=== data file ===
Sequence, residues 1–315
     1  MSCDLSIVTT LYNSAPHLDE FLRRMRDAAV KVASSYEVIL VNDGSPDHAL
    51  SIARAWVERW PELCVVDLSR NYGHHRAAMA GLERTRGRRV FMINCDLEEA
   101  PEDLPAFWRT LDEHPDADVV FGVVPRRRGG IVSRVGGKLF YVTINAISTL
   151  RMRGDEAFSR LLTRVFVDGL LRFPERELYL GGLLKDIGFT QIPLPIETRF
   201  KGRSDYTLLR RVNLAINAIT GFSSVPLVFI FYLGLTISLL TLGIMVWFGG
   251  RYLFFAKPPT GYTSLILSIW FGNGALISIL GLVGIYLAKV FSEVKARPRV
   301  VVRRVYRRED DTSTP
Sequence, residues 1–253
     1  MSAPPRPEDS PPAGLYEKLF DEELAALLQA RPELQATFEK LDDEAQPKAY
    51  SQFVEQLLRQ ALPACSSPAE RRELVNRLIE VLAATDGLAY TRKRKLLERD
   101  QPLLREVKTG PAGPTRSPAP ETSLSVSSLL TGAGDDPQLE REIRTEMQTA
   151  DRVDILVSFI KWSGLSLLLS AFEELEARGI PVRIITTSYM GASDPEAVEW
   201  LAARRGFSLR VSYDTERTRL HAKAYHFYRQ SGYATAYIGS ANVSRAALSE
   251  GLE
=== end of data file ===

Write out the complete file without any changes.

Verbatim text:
Sequence, residues 1–315
     1  MSCDLSIVTT LYNSAPHLDE FLRRMRDAAV KVASSYEVIL VNDGSPDHAL
    51  SIARAWVERW PELCVVDLSR NYGHHRAAMA GLERTRGRRV FMINCDLEEA
   101  PEDLPAFWRT LDEHPDADVV FGVVPRRRGG IVSRVGGKLF YVTINAISTL
   151  RMRGDEAFSR LLTRVFVDGL LRFPERELYL GGLLKDIGFT QIPLPIETRF
   201  KGRSDYTLLR RVNLAINAIT GFSSVPLVFI FYLGLTISLL TLGIMVWFGG
   251  RYLFFAKPPT GYTSLILSIW FGNGALISIL GLVGIYLAKV FSEVKARPRV
   301  VVRRVYRRED DTSTP
Sequence, residues 1–253
     1  MSAPPRPEDS PPAGLYEKLF DEELAALLQA RPELQATFEK LDDEAQPKAY
    51  SQFVEQLLRQ ALPACSSPAE RRELVNRLIE VLAATDGLAY TRKRKLLERD
   101  QPLLREVKTG PAGPTRSPAP ETSLSVSSLL TGAGDDPQLE REIRTEMQTA
   151  DRVDILVSFI KWSGLSLLLS AFEELEARGI PVRIITTSYM GASDPEAVEW
   201  LAARRGFSLR VSYDTERTRL HAKAYHFYRQ SGYATAYIGS ANVSRAALSE
   251  GLE